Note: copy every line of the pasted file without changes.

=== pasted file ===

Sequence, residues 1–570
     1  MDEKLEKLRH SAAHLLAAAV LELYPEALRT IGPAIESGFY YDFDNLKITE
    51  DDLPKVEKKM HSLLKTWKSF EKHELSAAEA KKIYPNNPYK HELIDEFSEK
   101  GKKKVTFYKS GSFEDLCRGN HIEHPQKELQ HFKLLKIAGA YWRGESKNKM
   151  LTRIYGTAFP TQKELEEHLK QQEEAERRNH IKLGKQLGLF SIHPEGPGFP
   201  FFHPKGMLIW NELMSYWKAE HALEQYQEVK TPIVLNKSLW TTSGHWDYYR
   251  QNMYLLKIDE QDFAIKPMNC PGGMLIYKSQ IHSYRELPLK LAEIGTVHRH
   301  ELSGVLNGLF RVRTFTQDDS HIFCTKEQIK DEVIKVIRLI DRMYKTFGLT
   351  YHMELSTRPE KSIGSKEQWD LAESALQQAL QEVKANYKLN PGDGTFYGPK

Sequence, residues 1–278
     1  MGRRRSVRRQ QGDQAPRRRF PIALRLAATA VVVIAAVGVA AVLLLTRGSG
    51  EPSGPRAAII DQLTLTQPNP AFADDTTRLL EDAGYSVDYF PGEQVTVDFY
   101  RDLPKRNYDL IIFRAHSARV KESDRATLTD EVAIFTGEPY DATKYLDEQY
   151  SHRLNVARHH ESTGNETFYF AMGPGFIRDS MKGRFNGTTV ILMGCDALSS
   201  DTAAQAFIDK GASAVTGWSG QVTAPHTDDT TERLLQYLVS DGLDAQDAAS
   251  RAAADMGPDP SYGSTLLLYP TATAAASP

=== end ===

Sequence, residues 1–570
     1  MDEKLEKLRH SAAHLLAAAV LELYPEALRT IGPAIESGFY YDFDNLKITE
    51  DDLPKVEKKM HSLLKTWKSF EKHELSAAEA KKIYPNNPYK HELIDEFSEK
   101  GKKKVTFYKS GSFEDLCRGN HIEHPQKELQ HFKLLKIAGA YWRGESKNKM
   151  LTRIYGTAFP TQKELEEHLK QQEEAERRNH IKLGKQLGLF SIHPEGPGFP
   201  FFHPKGMLIW NELMSYWKAE HALEQYQEVK TPIVLNKSLW TTSGHWDYYR
   251  QNMYLLKIDE QDFAIKPMNC PGGMLIYKSQ IHSYRELPLK LAEIGTVHRH
   301  ELSGVLNGLF RVRTFTQDDS HIFCTKEQIK DEVIKVIRLI DRMYKTFGLT
   351  YHMELSTRPE KSIGSKEQWD LAESALQQAL QEVKANYKLN PGDGTFYGPK

Sequence, residues 1–278
     1  MGRRRSVRRQ QGDQAPRRRF PIALRLAATA VVVIAAVGVA AVLLLTRGSG
    51  EPSGPRAAII DQLTLTQPNP AFADDTTRLL EDAGYSVDYF PGEQVTVDFY
   101  RDLPKRNYDL IIFRAHSARV KESDRATLTD EVAIFTGEPY DATKYLDEQY
   151  SHRLNVARHH ESTGNETFYF AMGPGFIRDS MKGRFNGTTV ILMGCDALSS
   201  DTAAQAFIDK GASAVTGWSG QVTAPHTDDT TERLLQYLVS DGLDAQDAAS
   251  RAAADMGPDP SYGSTLLLYP TATAAASP